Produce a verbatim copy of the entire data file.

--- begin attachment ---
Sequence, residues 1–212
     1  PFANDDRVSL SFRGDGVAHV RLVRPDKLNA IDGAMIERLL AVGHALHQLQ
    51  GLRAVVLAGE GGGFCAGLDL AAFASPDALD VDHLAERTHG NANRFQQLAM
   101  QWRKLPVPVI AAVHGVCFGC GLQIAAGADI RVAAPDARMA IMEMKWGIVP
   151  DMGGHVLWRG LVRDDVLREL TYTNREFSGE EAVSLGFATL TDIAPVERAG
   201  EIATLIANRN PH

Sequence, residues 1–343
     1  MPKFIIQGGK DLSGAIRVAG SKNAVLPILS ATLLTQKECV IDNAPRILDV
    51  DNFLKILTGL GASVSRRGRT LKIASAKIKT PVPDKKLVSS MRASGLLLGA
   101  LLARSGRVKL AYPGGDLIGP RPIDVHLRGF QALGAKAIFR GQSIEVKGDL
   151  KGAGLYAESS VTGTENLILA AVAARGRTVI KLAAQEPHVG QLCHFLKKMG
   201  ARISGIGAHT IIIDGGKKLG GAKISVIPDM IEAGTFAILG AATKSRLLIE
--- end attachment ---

Sequence, residues 1–212
     1  PFANDDRVSL SFRGDGVAHV RLVRPDKLNA IDGAMIERLL AVGHALHQLQ
    51  GLRAVVLAGE GGGFCAGLDL AAFASPDALD VDHLAERTHG NANRFQQLAM
   101  QWRKLPVPVI AAVHGVCFGC GLQIAAGADI RVAAPDARMA IMEMKWGIVP
   151  DMGGHVLWRG LVRDDVLREL TYTNREFSGE EAVSLGFATL TDIAPVERAG
   201  EIATLIANRN PH

Sequence, residues 1–343
     1  MPKFIIQGGK DLSGAIRVAG SKNAVLPILS ATLLTQKECV IDNAPRILDV
    51  DNFLKILTGL GASVSRRGRT LKIASAKIKT PVPDKKLVSS MRASGLLLGA
   101  LLARSGRVKL AYPGGDLIGP RPIDVHLRGF QALGAKAIFR GQSIEVKGDL
   151  KGAGLYAESS VTGTENLILA AVAARGRTVI KLAAQEPHVG QLCHFLKKMG
   201  ARISGIGAHT IIIDGGKKLG GAKISVIPDM IEAGTFAILG AATKSRLLIE